I've been this in this exact situation, with a massive dynamically built query that was kindof an impressive achievement, but the complexity of which made for an upkeep nightmare. I had so many green comments to help the poor sap who had to come along later and understand it. I was in classic asp so I had few alternatives.

What I have done since is a combination of function/procedure and linq. Often the total complexity is less than the complexity of trying to do it one place. Pass some of the your criteria to the UDF, which becomes much more manageable. This gives you a manageable and understandable result-set. Apply your remaining distinctions using linq.

You can use the advantages of both:

  • Reduce the total records as much as possible on the server; get as many crazy joins taken care of on the server. Databases are good at this stuff.
  • Linq (to object etc.) isn't as powerful but is great at expressing complex criteria; so use it for various possible distinctions that add complexity to the code but that the db wouldn't be much better at handling. Operating on a reduced, normalized result set, linq can express complixity without much performance penalty.

How to decide which criteria to handle in the db and which with linq? Use your judgement. If you can efficiently handle complex db queries, you can handle this. Part art, part science.

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What you are saying is let the DB do what it's good at? I think the linq KristoferA gets done is very impressive. On the other hand, I am happier controlling the performance of the database with some transact SQL. Note the abstraction layer for the database can be a set of classes. The linq approach seems to be one of generic programming, but in reality you are then requiring the linq framework to manage queries in an optimal way. So while technically impressive, it seems a little opaque if nothing else, and my prod environments put this stuff in stored procs anyway. –  polyglot Dec 26 '09 at 12:48
    
@polyglot Yes, there are a huge amount of factors here, and all of us would give more focused advice if we had more specifics. For a complicated search engine, I'm making a good guess based on my experience that it's all performance and maintainability. The use of dynamics in KristoferA's examples may have a performance penality that outweighs its flexibility. Linq to generic enumerables provides simplicity at an acceptable cost, as long as some heavy lifting is already done. And with massively complex logic, I don't trust Linq-to-sql to set up the db-work efficiently. Not yet. –  Patrick Karcher Dec 31 '09 at 16:10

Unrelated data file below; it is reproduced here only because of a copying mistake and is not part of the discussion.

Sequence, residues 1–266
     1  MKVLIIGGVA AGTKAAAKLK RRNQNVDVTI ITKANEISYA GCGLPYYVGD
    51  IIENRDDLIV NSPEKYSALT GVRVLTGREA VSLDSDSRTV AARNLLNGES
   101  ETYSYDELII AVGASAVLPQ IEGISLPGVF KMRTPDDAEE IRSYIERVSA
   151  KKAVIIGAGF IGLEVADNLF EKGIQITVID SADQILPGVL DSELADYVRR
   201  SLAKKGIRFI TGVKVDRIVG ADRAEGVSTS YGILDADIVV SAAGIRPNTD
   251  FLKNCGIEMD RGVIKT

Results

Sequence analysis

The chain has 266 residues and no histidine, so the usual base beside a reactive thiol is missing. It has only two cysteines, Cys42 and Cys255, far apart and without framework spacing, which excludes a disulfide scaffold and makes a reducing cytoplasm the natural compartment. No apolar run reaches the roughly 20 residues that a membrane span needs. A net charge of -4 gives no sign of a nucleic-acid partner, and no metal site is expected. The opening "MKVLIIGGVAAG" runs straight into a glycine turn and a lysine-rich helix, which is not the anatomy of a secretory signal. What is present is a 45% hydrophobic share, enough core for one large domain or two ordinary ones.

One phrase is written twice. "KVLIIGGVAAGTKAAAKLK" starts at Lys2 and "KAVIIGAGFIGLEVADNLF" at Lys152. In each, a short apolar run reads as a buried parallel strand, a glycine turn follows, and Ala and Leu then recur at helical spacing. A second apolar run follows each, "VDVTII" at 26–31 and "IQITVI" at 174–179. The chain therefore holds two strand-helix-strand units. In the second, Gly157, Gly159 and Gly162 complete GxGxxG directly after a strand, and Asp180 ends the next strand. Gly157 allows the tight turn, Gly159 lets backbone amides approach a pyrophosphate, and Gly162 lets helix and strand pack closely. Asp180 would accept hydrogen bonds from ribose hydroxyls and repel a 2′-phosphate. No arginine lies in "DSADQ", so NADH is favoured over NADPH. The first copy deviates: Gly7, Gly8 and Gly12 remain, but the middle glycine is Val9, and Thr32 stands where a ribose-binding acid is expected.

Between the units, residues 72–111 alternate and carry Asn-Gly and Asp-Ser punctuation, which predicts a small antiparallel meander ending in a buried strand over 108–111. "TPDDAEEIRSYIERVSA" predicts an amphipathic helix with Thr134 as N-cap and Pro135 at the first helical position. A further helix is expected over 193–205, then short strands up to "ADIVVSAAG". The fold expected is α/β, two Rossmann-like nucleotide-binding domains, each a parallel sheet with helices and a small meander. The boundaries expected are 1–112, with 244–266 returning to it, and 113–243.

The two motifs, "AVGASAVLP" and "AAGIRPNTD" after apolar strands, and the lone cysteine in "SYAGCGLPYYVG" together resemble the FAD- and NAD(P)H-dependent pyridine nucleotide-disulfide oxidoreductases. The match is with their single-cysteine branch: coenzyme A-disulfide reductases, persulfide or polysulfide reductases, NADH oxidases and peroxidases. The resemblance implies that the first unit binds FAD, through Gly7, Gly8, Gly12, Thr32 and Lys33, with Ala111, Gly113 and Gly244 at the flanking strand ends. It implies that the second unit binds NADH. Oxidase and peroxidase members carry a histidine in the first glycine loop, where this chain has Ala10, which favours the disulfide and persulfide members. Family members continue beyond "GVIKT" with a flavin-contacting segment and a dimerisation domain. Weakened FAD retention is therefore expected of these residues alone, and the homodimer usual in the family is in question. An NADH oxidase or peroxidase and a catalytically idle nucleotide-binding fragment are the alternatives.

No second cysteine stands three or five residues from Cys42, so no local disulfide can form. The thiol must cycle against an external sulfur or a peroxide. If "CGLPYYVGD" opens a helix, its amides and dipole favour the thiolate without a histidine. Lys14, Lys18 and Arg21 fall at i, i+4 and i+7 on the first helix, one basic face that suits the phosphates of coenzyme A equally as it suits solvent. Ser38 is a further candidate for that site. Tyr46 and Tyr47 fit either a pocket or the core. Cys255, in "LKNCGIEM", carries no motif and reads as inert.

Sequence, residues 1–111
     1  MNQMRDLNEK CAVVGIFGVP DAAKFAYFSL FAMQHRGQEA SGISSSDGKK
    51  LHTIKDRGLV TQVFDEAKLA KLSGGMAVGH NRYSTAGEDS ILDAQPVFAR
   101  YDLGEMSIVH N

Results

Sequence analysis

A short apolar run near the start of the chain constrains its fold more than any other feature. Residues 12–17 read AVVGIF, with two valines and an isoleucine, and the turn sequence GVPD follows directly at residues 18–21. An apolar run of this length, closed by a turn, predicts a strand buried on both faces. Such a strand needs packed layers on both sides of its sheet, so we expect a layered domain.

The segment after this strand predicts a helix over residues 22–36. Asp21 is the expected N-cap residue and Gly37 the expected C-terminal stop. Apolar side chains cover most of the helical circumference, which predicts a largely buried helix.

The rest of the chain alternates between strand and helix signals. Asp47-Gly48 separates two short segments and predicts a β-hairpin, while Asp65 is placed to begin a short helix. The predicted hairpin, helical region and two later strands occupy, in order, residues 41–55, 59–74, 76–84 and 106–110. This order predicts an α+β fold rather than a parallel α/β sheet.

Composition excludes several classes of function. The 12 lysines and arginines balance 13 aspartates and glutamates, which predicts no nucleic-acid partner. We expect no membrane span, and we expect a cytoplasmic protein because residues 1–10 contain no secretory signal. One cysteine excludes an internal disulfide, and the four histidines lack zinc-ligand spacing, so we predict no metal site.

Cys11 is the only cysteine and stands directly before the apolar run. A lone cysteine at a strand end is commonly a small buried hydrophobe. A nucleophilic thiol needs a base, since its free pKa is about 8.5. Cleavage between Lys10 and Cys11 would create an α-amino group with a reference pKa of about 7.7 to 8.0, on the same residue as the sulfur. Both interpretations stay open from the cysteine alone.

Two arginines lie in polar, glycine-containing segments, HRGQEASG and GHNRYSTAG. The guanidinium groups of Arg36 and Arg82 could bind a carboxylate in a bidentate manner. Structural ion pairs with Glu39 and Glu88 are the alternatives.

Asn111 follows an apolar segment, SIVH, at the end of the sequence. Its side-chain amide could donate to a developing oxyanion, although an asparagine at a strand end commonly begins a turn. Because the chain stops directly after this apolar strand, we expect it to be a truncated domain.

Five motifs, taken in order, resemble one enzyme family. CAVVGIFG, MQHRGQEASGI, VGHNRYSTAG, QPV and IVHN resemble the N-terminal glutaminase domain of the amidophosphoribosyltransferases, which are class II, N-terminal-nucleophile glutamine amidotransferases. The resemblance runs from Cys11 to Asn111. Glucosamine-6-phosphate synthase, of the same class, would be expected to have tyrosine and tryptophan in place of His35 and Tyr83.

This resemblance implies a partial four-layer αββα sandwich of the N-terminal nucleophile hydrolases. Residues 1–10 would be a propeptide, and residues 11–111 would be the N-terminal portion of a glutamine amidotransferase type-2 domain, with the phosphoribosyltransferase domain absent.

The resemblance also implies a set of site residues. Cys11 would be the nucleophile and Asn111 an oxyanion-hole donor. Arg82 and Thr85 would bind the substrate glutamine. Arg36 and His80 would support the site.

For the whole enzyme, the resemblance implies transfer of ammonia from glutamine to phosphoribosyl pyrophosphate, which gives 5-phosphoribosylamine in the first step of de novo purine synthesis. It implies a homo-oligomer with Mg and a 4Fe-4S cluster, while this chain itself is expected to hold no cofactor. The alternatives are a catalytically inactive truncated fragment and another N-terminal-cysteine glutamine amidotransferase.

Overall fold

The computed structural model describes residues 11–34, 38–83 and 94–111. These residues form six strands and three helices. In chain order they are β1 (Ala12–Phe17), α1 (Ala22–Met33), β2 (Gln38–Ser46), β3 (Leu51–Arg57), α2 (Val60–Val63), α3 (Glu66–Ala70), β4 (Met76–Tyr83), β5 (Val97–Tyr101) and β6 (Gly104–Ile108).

You may want to consider LINQ or an O/R Mapper like this one: http://www.llblgen.com/

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Its worth considering if you can implement as a parameterised strored procedure and optimise it in the database rather than dynamically generating the SQL via LINQ or an ORM at runtime. Often this will perform better. I know its a bit old fashioned but sometimes its the most effective approach.

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Yes, we have looked into that already but it doesn't really work as our queries change to much... –  Ben Sep 15 '08 at 15:36

If using C# and .NET 3.5, with the addition of MS SQL Server then LINQ to SQL is definitely the way to go. If you are using anything other than that combination, I'd recommend an ORM route, such as nHibernate or Subsonic.

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Linq to SQL it is then :) –  Ben Sep 16 '08 at 8:32

I understand the potential of Linq but I have yet to see anyone try and do a Linq query of the complexity that Ben is suggesting

the fairly complex sql statement (~10 joins, >10 sub selects, ~15-25 where conditions and GroupBy's)

Does anyone have examples of large Linq queries, and any commentary on their manageability?

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I'm probably going to spend some time on trying to reduce the complexity... –  Ben Sep 16 '08 at 8:34

There a kind of experimental try at a QueryBuilder class at http://www.blackbeltcoder.com/Articles/strings/a-sql-querybuilder-class. Might be worth a look.

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Check out http://sqlom.sourceforge.net. I think it does exactly what you are looking for.